This question was well explained by Durgesh and Ian Stewart, but since there are still some doubts, I'll try to add my 2 cents.

First of all let's solve this inequality step by step and see what is the solution for it, or in other words let's see in which ranges this inequality holds true.

Two cases for \(\frac{x}{|x|}<x\):

A. \(x<0\) --> \(|x|=-x\) --> \(\frac{x}{-x}<x\) --> \(-1<x\) --> \(-1<x<0\);

B. \(x>0\) --> \(|x|=x\) --> \(\frac{x}{x}<x\) --> \(1<x\).

So given inequality holds true in the ranges: \(-1<x<0\) and \(x>1\). Which means that \(x\) can take values only from these ranges.

------{-1}xxxx{0}----{1}xxxxxx

Now, we are asked which of the following must be true about \(x\). Option A can not be ALWAYS true because \(x\) can be from the range \(-1<x<0\), eg \(-\frac{1}{2}\) and \(x=-\frac{1}{2}<1\).

Only option which is ALWAYS true is B. ANY \(x\) from the ranges \(-1<x<0\) and \(x>1\) will definitely be more the \(-1\), all "red", possible x-es are to the right of -1, which means that all possible x-es are more than -1.

Answer: B.

isnt E true ? from the above 1<mod (x) which implies 1< mod(x) squared

If \(\frac{x}{|x|}<x\) which of the following must be true about \(x\)?

(A) \(x>1\)

(B) \(x>-1\)

(C) \(|x|<1\)

(D) \(|x|=1\)

(E) \(|x|^2>1\)

This question was well explained by Durgesh and Ian Stewart, but since there are still some doubts, I'll try to add my 2 cents.

First of all let's solve this inequality step by step and see what is the solution for it, or in other words let's see in which ranges this inequality holds true.

Two cases for \(\frac{x}{|x|}<x\):

A. \(x<0\) --> \(|x|=-x\) --> \(\frac{x}{-x}<x\) --> \(-1<x\) --> \(-1<x<0\);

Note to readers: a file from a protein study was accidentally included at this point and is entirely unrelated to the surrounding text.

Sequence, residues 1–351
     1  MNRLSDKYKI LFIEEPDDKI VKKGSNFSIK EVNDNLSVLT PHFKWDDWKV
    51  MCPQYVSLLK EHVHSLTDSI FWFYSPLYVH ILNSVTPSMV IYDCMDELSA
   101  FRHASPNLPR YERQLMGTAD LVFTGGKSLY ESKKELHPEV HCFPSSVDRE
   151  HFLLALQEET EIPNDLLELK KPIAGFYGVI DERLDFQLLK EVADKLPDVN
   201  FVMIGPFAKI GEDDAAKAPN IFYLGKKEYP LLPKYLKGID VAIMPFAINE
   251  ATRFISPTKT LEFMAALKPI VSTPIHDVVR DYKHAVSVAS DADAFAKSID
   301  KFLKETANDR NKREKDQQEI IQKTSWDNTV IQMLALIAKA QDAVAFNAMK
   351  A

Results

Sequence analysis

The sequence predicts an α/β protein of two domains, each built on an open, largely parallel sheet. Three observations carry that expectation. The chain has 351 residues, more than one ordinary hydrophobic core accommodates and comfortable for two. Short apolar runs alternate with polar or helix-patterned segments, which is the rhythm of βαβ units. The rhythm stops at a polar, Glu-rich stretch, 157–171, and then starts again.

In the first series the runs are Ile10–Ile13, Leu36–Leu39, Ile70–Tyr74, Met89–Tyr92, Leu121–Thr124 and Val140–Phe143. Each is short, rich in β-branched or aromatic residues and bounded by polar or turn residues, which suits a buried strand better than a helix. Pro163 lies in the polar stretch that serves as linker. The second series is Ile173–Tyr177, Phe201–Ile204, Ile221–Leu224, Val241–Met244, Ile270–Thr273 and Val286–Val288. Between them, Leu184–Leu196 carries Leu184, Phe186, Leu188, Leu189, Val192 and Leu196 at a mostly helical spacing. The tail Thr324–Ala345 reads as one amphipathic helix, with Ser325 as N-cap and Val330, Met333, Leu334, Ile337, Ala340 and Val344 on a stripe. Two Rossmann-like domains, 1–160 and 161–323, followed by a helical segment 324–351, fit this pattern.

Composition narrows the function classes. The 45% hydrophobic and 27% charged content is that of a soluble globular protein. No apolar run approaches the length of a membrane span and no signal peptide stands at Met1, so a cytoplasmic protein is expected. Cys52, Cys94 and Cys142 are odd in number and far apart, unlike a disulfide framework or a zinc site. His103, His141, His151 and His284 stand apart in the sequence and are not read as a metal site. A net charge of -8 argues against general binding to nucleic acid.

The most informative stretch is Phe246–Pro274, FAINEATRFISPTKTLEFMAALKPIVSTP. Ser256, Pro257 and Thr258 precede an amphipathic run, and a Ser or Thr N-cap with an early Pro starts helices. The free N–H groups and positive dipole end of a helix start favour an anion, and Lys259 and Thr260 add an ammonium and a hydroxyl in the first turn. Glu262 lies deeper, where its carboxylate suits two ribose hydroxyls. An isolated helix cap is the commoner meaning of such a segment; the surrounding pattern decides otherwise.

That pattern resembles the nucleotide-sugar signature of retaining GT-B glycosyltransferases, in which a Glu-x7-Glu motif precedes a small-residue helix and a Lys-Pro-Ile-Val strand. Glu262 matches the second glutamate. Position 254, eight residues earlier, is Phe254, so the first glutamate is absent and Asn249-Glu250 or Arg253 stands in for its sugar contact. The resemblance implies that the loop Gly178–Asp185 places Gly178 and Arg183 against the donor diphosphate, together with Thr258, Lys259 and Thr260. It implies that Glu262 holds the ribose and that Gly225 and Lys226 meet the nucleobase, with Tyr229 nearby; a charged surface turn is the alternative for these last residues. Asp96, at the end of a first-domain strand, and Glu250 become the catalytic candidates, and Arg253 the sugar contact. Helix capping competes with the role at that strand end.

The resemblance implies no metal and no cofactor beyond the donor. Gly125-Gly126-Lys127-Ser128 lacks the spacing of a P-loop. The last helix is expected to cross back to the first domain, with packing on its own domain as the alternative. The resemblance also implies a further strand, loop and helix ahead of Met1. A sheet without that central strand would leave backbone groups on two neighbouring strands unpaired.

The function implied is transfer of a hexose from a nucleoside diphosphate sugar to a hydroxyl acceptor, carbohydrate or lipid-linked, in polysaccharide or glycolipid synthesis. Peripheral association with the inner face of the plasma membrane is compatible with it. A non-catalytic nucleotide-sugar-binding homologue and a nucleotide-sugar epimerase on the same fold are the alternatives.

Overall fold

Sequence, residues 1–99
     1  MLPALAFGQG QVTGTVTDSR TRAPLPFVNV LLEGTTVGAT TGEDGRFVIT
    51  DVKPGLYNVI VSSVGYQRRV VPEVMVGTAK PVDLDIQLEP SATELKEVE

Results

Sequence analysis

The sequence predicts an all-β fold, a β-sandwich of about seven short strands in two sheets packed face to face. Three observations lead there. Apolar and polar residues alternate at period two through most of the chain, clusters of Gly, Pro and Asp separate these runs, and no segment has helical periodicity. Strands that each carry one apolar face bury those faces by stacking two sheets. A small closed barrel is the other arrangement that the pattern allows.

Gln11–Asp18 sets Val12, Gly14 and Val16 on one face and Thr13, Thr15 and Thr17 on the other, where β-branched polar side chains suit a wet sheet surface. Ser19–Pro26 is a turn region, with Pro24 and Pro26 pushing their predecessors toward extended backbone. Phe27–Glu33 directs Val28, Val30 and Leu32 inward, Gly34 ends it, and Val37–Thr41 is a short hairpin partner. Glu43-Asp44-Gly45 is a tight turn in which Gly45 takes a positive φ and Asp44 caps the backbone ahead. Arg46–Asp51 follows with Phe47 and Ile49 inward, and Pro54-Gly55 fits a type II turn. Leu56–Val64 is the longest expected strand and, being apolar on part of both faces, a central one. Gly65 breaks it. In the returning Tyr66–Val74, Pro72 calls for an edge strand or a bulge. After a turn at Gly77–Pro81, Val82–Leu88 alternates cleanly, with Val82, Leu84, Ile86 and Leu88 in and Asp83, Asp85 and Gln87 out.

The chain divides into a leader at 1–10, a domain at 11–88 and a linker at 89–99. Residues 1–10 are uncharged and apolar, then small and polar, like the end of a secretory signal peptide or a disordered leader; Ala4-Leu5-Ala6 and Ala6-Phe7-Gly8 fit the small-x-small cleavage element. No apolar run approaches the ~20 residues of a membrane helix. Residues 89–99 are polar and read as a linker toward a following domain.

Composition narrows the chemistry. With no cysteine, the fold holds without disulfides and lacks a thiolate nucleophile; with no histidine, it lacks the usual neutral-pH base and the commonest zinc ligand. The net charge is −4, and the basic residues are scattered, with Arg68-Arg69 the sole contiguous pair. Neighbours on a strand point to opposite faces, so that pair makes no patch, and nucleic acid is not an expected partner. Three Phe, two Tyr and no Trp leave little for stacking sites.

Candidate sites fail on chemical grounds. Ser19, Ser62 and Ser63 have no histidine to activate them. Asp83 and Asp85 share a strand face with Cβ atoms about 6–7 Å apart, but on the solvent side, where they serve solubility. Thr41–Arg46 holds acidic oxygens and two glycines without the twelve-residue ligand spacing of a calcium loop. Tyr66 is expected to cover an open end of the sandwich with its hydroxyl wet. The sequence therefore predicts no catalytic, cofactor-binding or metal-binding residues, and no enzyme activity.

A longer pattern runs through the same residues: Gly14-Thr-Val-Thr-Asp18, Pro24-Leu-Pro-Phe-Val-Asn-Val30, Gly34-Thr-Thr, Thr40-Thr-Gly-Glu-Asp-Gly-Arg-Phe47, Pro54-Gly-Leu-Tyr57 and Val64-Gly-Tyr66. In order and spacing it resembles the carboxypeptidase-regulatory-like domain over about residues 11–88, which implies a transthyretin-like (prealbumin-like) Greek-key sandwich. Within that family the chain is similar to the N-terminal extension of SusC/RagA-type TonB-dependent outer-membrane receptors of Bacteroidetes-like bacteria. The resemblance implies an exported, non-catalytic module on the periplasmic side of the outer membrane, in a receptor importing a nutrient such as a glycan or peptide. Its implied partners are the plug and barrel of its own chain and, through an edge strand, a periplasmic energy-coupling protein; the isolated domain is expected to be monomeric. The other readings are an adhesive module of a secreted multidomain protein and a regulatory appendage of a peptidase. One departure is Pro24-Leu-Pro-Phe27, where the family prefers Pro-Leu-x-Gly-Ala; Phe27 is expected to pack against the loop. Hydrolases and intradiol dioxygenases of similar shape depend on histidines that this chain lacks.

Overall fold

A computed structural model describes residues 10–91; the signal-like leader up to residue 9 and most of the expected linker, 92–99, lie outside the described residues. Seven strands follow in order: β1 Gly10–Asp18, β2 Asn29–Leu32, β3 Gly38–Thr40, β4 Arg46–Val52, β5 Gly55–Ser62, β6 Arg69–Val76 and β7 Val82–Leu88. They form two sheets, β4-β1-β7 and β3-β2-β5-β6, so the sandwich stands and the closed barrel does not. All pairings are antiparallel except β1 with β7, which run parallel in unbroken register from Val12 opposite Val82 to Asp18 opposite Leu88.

B. \(x>0\) --> \(|x|=x\) --> \(\frac{x}{x}<x\) --> \(1<x\).

So given inequality holds true in the ranges: \(-1<x<0\) and \(x>1\). Which means that \(x\) can take values only from these ranges.

------{-1}xxxx{0}----{1}xxxxxx

Now, we are asked which of the following must be true about \(x\). Option A can not be ALWAYS true because \(x\) can be from the range \(-1<x<0\), eg \(-\frac{1}{2}\) and \(x=-\frac{1}{2}<1\).

Only option which is ALWAYS true is B. ANY \(x\) from the ranges \(-1<x<0\) and \(x>1\) will definitely be more the \(-1\), all "red", possible x-es are to the right of -1, which means that all possible x-es are more than -1.

Answer: B.

isnt E true ? from the above 1<mod (x) which implies 1< mod(x) squared

We are told that \(x\) can take values only from these ranges.

------{-1}xxxx{0}----{1}xxxxxx

Now, \(|x|^2>1\) means that \(x^2>1\) --> \(x<-1\) or \(x>1\). Since \(x<-1\) is not true about \(x\) (we know that \(-1<x<0\) and \(x>1\)), then this option is not ALWAYS true.

Re: If x/|x|<x which of the following must be true about x? [#permalink]

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27 May 2012, 05:05